Nginx and PHP-FPM Configuration and Optimizing Tips and Tricks - Comment Page: 2

I wrote before a guide Howto install Nginx/PHP-FPM on Fedora 29/28, CentOS/RHEL 7.5/6.10, but this guide is just installation guide and many cases Nginx and PHP-FPM basic configuration is good enough, but if you want to squeeze all the juice out of your VPS or web server / servers and do your maintenance work little bit easier, then this guide might be useful. These tips are based entirely on my own experience, so they may not be an absolute truth, and in some situations, a completely different configuration may work better. It's also good to remember leave resources for another services also if you run example, MySQL, PostgreSQL, MongoDB, Mail server, Name server and/or SSH server on same...

168 comments on “Nginx and PHP-FPM Configuration and Optimizing Tips and Tricks - Comment Page: 2

1 2 3 4 6
    1. HI JR ,

      We noticed that our PHP-FPM processes is burning through at 300Mb+ each : here are the screenshots :
      http://grab.by/cUnc
      http://grab.by/cUng

      as u can see we are running out of 8 GB ram pretty quick…not sure whats causing this issue

      please let us know what do here – we are hosting an e-commerce shopping cart based on Magento.

      Let us know.

      Reply
      • Hi again Karan,

        Thank you for this information.

        Actually VIRT is not right column to follow in this case. VIRT column represents how much memory the program is able to access at the present moment. All memory usage combined memory it has mapped into itself, files on disk that have been mapped into it and memory shared with other processes.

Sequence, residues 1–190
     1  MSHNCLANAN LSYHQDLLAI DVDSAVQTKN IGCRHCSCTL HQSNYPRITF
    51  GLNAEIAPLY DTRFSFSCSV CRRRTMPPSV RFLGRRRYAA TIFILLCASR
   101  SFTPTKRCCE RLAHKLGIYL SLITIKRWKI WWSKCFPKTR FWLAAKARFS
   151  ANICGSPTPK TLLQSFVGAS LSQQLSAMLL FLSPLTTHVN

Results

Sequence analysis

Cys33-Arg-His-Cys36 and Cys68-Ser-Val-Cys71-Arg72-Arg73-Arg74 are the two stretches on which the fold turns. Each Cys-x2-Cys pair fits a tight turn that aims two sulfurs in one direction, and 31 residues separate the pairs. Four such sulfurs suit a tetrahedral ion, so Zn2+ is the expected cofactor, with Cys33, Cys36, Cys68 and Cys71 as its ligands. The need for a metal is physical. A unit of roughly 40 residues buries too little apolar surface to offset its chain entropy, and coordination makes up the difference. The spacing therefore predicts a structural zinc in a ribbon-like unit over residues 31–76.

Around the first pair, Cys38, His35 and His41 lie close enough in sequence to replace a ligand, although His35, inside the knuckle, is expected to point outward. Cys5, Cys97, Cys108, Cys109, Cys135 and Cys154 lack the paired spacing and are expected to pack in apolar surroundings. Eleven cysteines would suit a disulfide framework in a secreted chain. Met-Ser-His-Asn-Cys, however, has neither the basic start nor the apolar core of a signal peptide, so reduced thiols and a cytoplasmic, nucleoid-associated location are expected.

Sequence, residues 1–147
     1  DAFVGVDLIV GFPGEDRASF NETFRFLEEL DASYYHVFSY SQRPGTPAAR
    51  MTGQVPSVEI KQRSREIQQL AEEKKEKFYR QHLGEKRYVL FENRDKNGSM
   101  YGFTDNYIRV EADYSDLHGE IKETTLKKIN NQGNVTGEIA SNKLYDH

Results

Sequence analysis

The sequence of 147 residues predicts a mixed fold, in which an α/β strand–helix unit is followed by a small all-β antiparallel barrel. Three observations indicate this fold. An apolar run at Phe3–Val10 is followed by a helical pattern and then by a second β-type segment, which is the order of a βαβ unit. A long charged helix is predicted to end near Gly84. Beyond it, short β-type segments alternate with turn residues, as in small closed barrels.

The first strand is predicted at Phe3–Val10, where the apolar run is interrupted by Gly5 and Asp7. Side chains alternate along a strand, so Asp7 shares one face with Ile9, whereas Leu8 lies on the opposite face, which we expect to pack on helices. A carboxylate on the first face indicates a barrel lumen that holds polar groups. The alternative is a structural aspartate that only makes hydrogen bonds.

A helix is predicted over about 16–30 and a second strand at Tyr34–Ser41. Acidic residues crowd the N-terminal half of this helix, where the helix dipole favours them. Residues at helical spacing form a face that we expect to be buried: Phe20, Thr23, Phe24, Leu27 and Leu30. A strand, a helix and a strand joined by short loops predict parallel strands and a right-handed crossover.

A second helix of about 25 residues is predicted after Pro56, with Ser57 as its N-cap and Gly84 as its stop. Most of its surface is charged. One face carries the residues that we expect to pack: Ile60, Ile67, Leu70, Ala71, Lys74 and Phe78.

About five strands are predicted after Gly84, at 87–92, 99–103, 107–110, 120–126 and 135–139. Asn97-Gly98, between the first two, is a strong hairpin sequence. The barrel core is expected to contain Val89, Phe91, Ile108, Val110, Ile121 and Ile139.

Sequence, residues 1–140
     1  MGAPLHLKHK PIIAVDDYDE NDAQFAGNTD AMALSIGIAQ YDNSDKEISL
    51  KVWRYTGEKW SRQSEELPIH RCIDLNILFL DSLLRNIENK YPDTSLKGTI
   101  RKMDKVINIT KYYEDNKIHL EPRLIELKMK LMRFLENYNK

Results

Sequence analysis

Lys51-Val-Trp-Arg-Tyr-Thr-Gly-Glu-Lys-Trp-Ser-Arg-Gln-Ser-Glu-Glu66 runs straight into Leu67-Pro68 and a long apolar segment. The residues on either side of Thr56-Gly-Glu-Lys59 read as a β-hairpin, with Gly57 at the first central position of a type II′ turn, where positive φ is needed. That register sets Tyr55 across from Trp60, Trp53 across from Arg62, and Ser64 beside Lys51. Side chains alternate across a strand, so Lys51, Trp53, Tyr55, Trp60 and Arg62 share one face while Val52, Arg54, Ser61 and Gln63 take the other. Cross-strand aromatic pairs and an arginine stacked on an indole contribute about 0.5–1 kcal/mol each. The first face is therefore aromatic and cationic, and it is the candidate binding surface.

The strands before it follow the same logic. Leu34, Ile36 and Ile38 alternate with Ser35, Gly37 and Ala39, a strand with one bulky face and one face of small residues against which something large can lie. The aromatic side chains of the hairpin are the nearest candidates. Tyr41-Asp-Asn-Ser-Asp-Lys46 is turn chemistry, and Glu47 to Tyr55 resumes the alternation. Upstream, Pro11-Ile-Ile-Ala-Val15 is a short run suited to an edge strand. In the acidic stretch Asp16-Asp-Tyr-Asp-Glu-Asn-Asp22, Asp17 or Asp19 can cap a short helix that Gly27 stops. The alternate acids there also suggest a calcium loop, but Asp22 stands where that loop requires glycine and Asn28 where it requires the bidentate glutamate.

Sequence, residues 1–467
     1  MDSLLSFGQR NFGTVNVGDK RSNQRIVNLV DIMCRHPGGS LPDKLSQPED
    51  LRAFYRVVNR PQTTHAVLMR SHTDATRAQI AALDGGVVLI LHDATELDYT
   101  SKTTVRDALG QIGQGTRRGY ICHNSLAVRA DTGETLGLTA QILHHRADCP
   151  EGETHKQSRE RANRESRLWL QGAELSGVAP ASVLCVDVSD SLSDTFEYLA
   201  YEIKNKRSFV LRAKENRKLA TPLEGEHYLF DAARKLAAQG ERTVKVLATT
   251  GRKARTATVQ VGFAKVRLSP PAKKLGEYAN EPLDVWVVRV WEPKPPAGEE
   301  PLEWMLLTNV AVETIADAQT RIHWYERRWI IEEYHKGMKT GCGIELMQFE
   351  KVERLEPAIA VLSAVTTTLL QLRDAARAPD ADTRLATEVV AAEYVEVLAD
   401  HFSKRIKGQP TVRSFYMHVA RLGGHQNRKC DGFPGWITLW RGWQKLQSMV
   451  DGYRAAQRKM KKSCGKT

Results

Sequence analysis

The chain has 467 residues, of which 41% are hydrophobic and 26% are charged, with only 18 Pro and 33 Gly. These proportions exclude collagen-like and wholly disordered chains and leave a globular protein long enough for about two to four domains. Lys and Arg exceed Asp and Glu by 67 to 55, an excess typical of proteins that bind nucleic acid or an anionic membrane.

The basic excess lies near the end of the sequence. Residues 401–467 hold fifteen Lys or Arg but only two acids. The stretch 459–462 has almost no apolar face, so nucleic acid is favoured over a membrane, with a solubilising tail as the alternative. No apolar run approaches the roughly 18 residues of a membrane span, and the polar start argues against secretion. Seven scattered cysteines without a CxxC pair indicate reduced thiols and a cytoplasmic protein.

RES stands for the resident size, which is an accurate representation of how much actual physical memory a process is consuming. (and also %MEM column value is calculated directly from RES).

        So RES is right / much better column to follow. Memory usage per process is therefore around 75-90 Mb (~1 percent of 8 Gb). Let’s calculate again:
        4096 / 90 = 45.51

        Based on this information I recommend to try following values then:

        
        pm.max_children = 46
        pm.start_servers = 6
        pm.min_spare_servers = 6
        pm.max_spare_servers = 12
        pm.max_requests = 250
        

        And

        
        emergency_restart_threshold 10
        emergency_restart_interval 1m
        process_control_timeout 10s
        

        You should definitely adjust these values​​, when you see the real situation.

        However, the problem is indeed Magento, rather than the configuration of the server. Magento is just too large and too heavy to any environment. Magento hosting is really tedious and unpleasant task.

        Please let me know if these values ​​work, or if you have problems?

        Reply
        • Thanks JR ,

          Seems some improvements.

          Please see below :

          Cpu(s): 11.6%us, 3.6%sy, 0.0%ni, 84.8%id, 0.0%wa, 0.0%hi, 0.0%si, 0.0%st